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Ask the ‘TASC is a PBIS advice column from the RSE-TASC Specialists

Question: How do I continue PBIS after long breaks or with new staff or students?

Response 1:

Fran Fernandez,

Non District Specialist

Although we all enjoy time off, it can slow momentum. A great way to get staff and students “re-energized” is through clear communication. Create and distribute a flier in staff mailboxes that reviews behavioral expectations and features an inspirational quote, and/or use the loudspeaker to make an announcement to get PBIS back on everyone’s mind.  As a crafty teacher, I have been known to create posters with catchy slogans (that connect to the school-wide expectations) and hang them around the school to get everyone thinking about PBIS.

When it comes to new staff or students, consider creating a “PBIS Orientation” guide in a booklet or video format and, if possible, schedule some time to review it with new staff or students. When creating this guide, get input from current students and staff to ensure it incorporates what they consider to be catchy and critical information.

This is a great agenda item for a PBIS team.  Together your team can flush out ideas and proactively plan for what will work best for your school.

Response 2:

Dale Langley,

Behavior Specialist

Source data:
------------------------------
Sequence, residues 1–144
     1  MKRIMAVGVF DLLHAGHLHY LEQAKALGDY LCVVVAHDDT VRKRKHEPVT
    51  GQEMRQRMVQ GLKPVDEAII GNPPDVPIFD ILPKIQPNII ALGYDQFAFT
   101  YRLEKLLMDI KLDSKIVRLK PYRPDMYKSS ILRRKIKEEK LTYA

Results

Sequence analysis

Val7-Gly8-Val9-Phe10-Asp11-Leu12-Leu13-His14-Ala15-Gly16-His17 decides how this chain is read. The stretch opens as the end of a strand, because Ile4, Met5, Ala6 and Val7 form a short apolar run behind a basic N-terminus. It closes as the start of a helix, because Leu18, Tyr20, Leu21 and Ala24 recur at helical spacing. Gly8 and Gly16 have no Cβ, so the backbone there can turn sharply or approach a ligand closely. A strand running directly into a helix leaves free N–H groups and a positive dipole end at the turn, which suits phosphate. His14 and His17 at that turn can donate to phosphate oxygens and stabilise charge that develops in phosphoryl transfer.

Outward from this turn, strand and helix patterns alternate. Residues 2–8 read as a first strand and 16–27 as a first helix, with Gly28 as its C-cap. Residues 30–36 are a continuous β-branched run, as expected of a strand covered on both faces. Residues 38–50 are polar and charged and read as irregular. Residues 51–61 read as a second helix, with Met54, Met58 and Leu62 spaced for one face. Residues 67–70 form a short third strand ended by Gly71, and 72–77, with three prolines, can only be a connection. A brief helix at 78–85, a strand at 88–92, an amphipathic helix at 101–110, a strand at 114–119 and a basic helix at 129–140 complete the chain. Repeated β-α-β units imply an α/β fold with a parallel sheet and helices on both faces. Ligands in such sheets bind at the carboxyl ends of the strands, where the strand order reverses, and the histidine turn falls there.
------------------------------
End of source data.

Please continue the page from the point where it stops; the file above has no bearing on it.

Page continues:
My advice is to always cover the fundamentals:

  1. teach expected behaviors
  2. have students practice behaviors and staff practice giving specific praise
  3. explain and give out acknowledgements

When your audience is new staff or students, I would stick with a very straight-forward teaching approach. But when you are providing a booster and reviewing information, try to find a fun, fresh way to teach and practice the expectations. Talk to other schools and look online for inspiration…

Here’s a link to a YouTube video from an elementary school talking about how they do Booster (on-going) trainings, as well as, how they integrate their PBIS efforts into all parts of their school and district initiatives:

This webpage link includes activities from each grade level in a school for reviewing their schoolwide expected behaviors:

This webpage  link includes sample booster activities for elementary students, including lesson plans and some creative activities for student engagement:

If you have a question you would like us to answer, please email your question to: with the subject line “Ask the ‘TASC”